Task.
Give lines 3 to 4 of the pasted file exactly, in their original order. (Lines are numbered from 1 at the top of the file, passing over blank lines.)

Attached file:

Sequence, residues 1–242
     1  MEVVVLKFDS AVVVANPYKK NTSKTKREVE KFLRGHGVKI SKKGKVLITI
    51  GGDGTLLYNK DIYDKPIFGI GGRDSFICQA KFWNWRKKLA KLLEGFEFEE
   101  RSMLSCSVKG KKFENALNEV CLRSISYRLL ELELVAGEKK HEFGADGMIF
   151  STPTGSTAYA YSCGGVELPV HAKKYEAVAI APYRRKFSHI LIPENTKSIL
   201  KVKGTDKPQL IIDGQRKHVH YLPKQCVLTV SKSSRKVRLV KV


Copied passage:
    51  GGDGTLLYNK DIYDKPIFGI GGRDSFICQA KFWNWRKKLA KLLEGFEFEE
   101  RSMLSCSVKG KKFENALNEV CLRSISYRLL ELELVAGEKK HEFGADGMIF